In his landmark treatise on taxation, Justice COOLEY defined the relationship between taxpayer, tax, and the taxpayer's property as follows:
The individual, and not his property, pays the tax. The property is resorted to for the purpose of ascertaining the amount of the tax with which the owner must be charged, and for the purpose of enforcing payment when the owner shall be legally in default in paying at the time stipulated by law. [ Id., § 24, p 93. Emphasis added.]
In other words, property provides a basis for assessment of a particular taxpayer's share of the tax burden, and it also provides security for the payment thereof. With this form of enforcement in place, the questions arise whether and when other methods of enforcement are permissible or even necessary.
A taxpayer's proportionate share of debt for the general revenue is secured only by property owned at the time a lien attaches and only on property located within the taxing district. To be sure, the taxing legislature may secure the payment of delinquent taxes with real or personal property. However, a line of demarcation has been drawn between the right of seizure and sale of real or personal property and a personal obligation for taxes that permits a lawsuit for the collection of delinquent taxes, i.e., an in personam action. While some states permit in personam actions for the collection of delinquent tax liability, the general rule indicates that no personal action will lie against a delinquent taxpayer at law or in equity. As one author has stated:
3 Cooley, n 4 supra, § 1235, pp 2458-2459.
See id., § 39, pp 118-122. However, Justice COOLEY notes inherent problems with the taxation of personal property. Review of these reasons makes clear some of the likely reasons why plaintiff has not engaged in proceedings to collect back taxes by seizing and selling personal property and why it now prefers an in personam remedy rather than the procedure for distress clearly permitted under state law.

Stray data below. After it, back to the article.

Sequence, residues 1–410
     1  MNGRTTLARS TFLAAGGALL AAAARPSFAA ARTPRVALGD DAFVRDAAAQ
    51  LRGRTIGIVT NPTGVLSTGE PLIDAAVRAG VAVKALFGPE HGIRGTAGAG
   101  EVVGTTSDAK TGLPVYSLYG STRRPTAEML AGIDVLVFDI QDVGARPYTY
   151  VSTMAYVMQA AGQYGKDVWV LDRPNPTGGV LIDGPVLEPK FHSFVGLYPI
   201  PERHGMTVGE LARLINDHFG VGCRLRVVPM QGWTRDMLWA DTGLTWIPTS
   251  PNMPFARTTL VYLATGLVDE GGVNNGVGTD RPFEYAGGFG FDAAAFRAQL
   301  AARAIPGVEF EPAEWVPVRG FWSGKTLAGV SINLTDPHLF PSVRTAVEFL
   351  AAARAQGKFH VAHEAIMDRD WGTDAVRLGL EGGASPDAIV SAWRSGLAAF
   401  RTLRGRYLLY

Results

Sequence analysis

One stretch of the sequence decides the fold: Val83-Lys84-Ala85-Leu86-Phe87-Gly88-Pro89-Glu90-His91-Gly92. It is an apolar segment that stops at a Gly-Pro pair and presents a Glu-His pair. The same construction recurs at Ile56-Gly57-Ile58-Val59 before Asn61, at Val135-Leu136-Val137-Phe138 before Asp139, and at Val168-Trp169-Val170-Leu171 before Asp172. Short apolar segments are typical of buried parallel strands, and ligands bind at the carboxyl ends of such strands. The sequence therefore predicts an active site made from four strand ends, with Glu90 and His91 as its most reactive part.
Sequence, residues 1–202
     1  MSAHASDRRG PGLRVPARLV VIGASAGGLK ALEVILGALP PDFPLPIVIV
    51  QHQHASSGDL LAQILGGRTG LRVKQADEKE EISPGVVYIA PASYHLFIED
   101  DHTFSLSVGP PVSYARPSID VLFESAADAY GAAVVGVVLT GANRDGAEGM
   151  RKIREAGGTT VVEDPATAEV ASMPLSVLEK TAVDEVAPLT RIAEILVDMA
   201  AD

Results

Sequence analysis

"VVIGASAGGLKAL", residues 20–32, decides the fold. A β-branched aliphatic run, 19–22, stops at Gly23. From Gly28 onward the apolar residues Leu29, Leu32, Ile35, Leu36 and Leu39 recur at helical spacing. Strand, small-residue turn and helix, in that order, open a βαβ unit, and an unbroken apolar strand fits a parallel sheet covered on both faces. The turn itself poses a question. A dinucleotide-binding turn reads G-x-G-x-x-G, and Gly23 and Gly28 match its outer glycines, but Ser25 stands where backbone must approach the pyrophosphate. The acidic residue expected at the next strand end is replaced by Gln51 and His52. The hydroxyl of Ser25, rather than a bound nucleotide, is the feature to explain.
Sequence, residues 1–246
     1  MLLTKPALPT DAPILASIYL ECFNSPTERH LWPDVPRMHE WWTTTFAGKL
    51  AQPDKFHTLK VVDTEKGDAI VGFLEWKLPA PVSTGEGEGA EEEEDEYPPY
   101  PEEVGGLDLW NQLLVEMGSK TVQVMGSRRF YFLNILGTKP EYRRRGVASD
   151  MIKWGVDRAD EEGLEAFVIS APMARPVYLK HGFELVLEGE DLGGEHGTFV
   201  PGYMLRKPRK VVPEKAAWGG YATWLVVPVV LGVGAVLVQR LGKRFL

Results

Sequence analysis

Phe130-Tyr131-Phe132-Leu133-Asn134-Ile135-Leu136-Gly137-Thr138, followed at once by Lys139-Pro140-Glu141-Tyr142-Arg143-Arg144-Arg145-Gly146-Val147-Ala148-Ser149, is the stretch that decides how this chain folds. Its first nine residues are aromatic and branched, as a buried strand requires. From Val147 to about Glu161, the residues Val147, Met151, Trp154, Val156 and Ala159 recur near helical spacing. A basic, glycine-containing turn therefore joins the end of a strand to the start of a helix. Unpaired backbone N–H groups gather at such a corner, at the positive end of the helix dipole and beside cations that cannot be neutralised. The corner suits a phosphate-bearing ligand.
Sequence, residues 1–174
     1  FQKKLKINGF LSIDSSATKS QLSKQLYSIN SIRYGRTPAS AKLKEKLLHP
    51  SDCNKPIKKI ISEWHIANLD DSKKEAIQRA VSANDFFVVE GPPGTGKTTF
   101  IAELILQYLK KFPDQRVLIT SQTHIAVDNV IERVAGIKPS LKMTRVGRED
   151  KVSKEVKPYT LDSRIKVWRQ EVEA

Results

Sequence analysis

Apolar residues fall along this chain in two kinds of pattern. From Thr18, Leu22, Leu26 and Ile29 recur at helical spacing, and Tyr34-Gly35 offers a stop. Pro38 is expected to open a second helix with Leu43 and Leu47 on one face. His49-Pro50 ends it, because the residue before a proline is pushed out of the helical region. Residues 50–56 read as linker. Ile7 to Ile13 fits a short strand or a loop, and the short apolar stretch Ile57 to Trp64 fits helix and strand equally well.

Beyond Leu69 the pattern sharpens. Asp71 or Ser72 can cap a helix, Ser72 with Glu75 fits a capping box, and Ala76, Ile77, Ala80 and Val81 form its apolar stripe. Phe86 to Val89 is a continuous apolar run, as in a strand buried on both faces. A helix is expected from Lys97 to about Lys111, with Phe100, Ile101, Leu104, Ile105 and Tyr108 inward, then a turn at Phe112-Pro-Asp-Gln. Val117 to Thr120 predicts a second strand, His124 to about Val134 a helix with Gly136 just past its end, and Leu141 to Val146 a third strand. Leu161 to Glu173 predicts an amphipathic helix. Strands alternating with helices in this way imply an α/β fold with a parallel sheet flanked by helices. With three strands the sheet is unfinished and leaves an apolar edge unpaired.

See also id., § 1327, p 2624 ("the power of the legislature to make taxes assessed against real or personal property is unquestioned"); § 1323, pp 2612-2613 ("So far as personal property is concerned, nearly every kind is subject to compulsory process, so far as found within the tax district, provided it is within the terms of the tax statute providing what personalty shall be subject and provided it is not expressly exempted") (emphasis added). Cf. 72 Am Jur 2d, n 4 supra, § 868, p 169 ("nothing can be taken under a distress [action] but tangible property capable of seizure and sale, and . . . intangible property, such as shares of stock in corporations, . . . cannot lawfully be taken on distress").
3 Cooley, n 4 supra, § 1327, pp 2624-2625.
Id., p 2625.
Id., § 1329, pp 2626-2627.
Generally, . . . the rule developed that in the absence of an explicit statutory provision, no personal action will lie to recover property taxes. These holdings are grounded on the theory that taxes are not debts, or in the view that since the statute provides only for proceedings in rem, personal liability is not imposed. [Hellerstein, State and Local Taxation (3d ed), p 702. Emphasis added.]
Another source provides:
In the absence of constitutional restrictions, the legislature has plenary power to make any change in the method of collecting taxes, but the amendment . . . of a statute providing for the levy and collection of taxes will not operate retrospectively so as to affect unpaid taxes already due or pending proceedings for their collection. . . . [84 CJS, Taxation, § 642, p 1318. Emphasis added.]
Before turning to specific state law on the issues involved, it is instructive to review certain other general propositions that arise in this context. First, laws on taxation must be strictly construed, with any ambiguities to be decided in favor of the taxpayer. Second, statutes creating tax liens are not to be enlarged by construction. Finally, the method of collection that is prescribed by statute (or charter) is generally the exclusive method.